Unfortunately, just about everyone in your company will have a different idea about how a given issue could be handled best. It can be difficult to get two people of similar interests—say two setup people—to agree on every
aspect of an important issue, but reaching a consensus among several people from different departments might be impossible. Yet, everyone involved will have to live with the decision that is eventually made.
Productivity-related issues can include the following: Should one operator run two machines? Should we wait for an inspector to check the first workpiece before we begin a production run? Should cutting tools be assembled and measured in the tool crib? Should inserts be stored at the machine or in a central location?
It is difficult to compete in today’s world market when people are more concerned with establishing and/or maintaining some kind of pecking order than handling the problem at hand. The smallest disagreement can escalate into a productivity-killing argument.
Unfortunately, synergy is directly related to human nature. It’s not in our DNA to reach a compromise when we feel we have the best idea. When two people feel equally strongly about an issue but have different ideas about how it should be resolved, the result is often a heated discussion or argument—or worse.
When one person finally “wins,” the other feels slighted. This will taint the way they approach the next important issue. This process will escalate as each person continues to out-do the other.
How do we rise above the petty arguments that lead to escalations? How do we solve problems without hurting feelings? How do we make it palatable for people to change their methods based upon the results of a decision? These are tough questions. How well you answer them might determine your company’s prosperity and survival.
My suggestion is to make decisions based on their degree of impact. In my opinion, the two most important factors are your company’s productivity and the people who are most affected by the decision.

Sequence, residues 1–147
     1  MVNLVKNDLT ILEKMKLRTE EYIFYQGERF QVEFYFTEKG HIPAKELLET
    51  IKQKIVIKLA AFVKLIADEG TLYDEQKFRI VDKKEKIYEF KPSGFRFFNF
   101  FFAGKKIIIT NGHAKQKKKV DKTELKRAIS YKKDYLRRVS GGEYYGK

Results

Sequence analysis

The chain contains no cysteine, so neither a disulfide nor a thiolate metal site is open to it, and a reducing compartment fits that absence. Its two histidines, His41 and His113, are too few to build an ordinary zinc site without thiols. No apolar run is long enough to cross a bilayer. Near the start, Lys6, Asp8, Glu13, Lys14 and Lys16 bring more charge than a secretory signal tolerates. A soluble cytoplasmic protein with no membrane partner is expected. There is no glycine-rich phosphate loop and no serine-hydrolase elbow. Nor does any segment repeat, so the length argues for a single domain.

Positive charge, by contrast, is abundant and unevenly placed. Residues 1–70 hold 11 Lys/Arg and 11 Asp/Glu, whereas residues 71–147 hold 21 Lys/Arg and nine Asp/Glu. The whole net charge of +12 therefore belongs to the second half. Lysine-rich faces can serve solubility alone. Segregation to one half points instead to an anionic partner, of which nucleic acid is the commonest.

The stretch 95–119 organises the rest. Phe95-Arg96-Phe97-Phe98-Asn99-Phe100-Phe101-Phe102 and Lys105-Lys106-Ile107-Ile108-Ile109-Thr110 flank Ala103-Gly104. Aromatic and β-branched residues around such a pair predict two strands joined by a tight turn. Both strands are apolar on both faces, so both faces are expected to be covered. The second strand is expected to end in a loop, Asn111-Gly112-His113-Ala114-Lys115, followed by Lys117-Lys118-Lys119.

When company productivity is your highest priority, you base decisions on the degree of impact they have on the company’s output, which in turn, equates to its very survival. Your company will survive only if it continues to compete, and improving productivity ensures continued success. While it may not be enough to influence everyone, people should understand that if the company doesn’t prosper, neither will they.
With this method, the decisions you make will provide the company’s highest productivity levels. When faced with two or more ideas, the one providing the clearest path to improved productivity will be chosen. Of course, people can still disagree on which alternative leads to better productivity, but at least people will know the (fair) criteria for how the decision will be made.
All people affected by the decision should have a say. Ideally, those who are most affected should have more of a say than those who are affected to a lesser extent. That’s not to say that less-affected people can’t present ideas—it just means that they may not be as involved in the actual decision.
This may fly in the face of management people. It means you’ll have to involve people who do not commonly help with decisions. But think for a moment: Who has a better understanding of what it takes to perform a given task? Is it a person who does it every day or a manufacturing engineer from a different department who may spend only a few moments evaluating the task? Often, we confuse trivial tasks with trivial people. No one in your company is trivial, but they may perform tasks that you consider trivial. If any task becomes a productivity-related issue for your company, it only makes sense to include the people who perform it in the decision and to weigh their suggestion/s heavily.
This approach will also minimize some of the politics. People who are the most affected by the decision will have the greatest say. An unaffected person who may have an ulterior motive won’t have as much say in the decision.
Probably the most important point is that people must feel that your decision-making criteria are fair. You must ensure that people understand how decisions are made and be consistent when making them.